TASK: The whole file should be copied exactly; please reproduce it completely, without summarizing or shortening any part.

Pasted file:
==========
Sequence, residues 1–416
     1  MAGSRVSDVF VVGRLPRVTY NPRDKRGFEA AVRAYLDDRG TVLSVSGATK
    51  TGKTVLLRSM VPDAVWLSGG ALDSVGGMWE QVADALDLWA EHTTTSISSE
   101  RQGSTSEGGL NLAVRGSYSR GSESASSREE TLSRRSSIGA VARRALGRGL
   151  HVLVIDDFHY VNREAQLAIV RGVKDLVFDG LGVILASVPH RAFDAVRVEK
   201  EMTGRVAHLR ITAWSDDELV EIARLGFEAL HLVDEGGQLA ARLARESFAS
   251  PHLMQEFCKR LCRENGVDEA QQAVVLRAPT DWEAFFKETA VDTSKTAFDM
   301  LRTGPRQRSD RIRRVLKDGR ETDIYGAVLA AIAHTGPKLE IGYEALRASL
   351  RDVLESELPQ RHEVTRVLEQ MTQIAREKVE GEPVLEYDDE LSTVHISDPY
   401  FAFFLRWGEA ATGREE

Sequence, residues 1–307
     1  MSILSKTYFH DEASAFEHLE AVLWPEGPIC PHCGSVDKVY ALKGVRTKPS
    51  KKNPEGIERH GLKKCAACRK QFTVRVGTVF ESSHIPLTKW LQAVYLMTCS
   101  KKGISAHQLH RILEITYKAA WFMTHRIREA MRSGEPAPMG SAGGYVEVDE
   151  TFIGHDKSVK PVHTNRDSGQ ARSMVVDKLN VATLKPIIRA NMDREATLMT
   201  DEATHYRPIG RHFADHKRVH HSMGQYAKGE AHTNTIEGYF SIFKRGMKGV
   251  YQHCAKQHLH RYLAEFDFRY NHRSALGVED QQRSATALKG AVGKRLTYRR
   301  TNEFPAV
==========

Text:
Sequence, residues 1–416
     1  MAGSRVSDVF VVGRLPRVTY NPRDKRGFEA AVRAYLDDRG TVLSVSGATK
    51  TGKTVLLRSM VPDAVWLSGG ALDSVGGMWE QVADALDLWA EHTTTSISSE
   101  RQGSTSEGGL NLAVRGSYSR GSESASSREE TLSRRSSIGA VARRALGRGL
   151  HVLVIDDFHY VNREAQLAIV RGVKDLVFDG LGVILASVPH RAFDAVRVEK
   201  EMTGRVAHLR ITAWSDDELV EIARLGFEAL HLVDEGGQLA ARLARESFAS
   251  PHLMQEFCKR LCRENGVDEA QQAVVLRAPT DWEAFFKETA VDTSKTAFDM
   301  LRTGPRQRSD RIRRVLKDGR ETDIYGAVLA AIAHTGPKLE IGYEALRASL
   351  RDVLESELPQ RHEVTRVLEQ MTQIAREKVE GEPVLEYDDE LSTVHISDPY
   401  FAFFLRWGEA ATGREE

Sequence, residues 1–307
     1  MSILSKTYFH DEASAFEHLE AVLWPEGPIC PHCGSVDKVY ALKGVRTKPS
    51  KKNPEGIERH GLKKCAACRK QFTVRVGTVF ESSHIPLTKW LQAVYLMTCS
   101  KKGISAHQLH RILEITYKAA WFMTHRIREA MRSGEPAPMG SAGGYVEVDE
   151  TFIGHDKSVK PVHTNRDSGQ ARSMVVDKLN VATLKPIIRA NMDREATLMT
   201  DEATHYRPIG RHFADHKRVH HSMGQYAKGE AHTNTIEGYF SIFKRGMKGV
   251  YQHCAKQHLH RYLAEFDFRY NHRSALGVED QQRSATALKG AVGKRLTYRR
   301  TNEFPAV